- "Trades Introduction - Seven Incorporated Trades of Aberdeen". SevenTradesOfAberdeen.co.uk. Retrieved 26 April 2017.
- See, James Colston, The Incorporated Trades of Edinburgh. With Introductory Chapter on the Rise and Progress of Municipal Government in Scotland. [with Plates and Illustrations.] (Edinburgh: Colston & Co., 1891), pp. l, 237 p.
- See E. Patricia Dennison, David Ditchburn, and Michael Lynch, Aberdeen before 1800 : A New History (East Linton: Tuckwell Press, 2002), pp. xxviii, 515 p.,  p. of plates; for a useful summary of the various "correction houses" and Workhouses in Aberdeen. (pp 64–69).
- The work by Cowan & Easson and Hall’s survey of Monastic Landscapes provide extensive gazetteers of known Aberdeen hospitals. Derek Hall, Scottish Monastic Landscapes (Stroud: Tempus, 2006), pp. 222 p., 16 p. of plates.; and, an Borthwick Cowan, David Edward Easson, and Richard Neville Hadcock, Medieval Religious Houses, Scotland with an Appendix on the Houses in the Isle of Man. 2nd edn (London: Longman, 1976), pp. xxviii, 252p,fold plates.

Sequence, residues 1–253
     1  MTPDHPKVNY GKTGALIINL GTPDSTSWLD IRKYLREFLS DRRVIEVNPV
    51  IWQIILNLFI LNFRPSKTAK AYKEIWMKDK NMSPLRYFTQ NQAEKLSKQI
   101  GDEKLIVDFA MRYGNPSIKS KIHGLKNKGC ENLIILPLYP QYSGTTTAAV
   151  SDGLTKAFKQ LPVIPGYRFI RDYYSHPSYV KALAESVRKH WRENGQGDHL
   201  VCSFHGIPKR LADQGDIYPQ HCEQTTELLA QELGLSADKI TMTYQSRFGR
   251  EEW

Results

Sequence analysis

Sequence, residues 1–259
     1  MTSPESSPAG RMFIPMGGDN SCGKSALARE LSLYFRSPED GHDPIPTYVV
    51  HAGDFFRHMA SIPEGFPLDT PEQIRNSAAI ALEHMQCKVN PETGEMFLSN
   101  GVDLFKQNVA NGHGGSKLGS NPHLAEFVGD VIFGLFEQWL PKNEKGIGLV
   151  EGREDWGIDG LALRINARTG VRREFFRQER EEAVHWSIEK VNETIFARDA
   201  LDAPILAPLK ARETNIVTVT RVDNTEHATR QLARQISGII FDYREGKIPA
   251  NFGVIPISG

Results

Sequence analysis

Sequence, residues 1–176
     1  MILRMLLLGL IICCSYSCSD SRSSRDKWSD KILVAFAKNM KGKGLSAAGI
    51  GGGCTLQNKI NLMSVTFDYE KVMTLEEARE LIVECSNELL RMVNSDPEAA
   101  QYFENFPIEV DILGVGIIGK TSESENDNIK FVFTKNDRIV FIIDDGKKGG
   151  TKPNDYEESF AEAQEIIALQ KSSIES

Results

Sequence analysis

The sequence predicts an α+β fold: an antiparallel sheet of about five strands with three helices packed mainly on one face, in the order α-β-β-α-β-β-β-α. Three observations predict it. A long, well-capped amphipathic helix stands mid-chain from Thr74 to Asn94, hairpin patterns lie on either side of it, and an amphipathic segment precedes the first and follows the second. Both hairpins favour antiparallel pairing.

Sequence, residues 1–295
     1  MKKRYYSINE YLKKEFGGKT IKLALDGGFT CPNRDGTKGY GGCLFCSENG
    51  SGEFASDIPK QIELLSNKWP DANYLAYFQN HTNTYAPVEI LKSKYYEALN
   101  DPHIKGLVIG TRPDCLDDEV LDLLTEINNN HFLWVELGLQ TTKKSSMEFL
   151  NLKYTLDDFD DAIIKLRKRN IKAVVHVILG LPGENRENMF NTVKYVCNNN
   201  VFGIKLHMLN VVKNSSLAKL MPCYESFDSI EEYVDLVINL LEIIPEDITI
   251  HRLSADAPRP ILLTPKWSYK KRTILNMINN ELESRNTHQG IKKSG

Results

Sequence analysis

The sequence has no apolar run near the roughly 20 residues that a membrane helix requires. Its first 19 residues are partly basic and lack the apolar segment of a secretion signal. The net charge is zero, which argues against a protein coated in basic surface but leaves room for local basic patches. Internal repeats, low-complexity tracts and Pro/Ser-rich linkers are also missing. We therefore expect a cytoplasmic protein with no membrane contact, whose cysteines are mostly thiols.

- "CATHOLIC ENCYCLOPEDIA: Love". NewAdvent.org. Retrieved 26 April 2017.
- For example See Provan Lordship Garden/ St Nicholas Glasgow; NT 34000 72000
- see Ebenezer Bain, Merchant and Craft Guilds : A History of the Aberdeen Incorporated Trades (Aberdeen: Edmond & Spark, 1887), pp. xii, 360 p.
- The Scots word relick means "widow"
- The monastery was sacked by Reformers in 1560 the main buildings were saved, and the church continued in use until its demolition in 1794.
- From James Cooper, Cartularium Ecclesiae Sancti Nicholai Aberdonensis, New Spalding Club (Aberdeen: New Spalding Club, 1888), V2, pp 136-138.
- See CR liv 21 December 1659.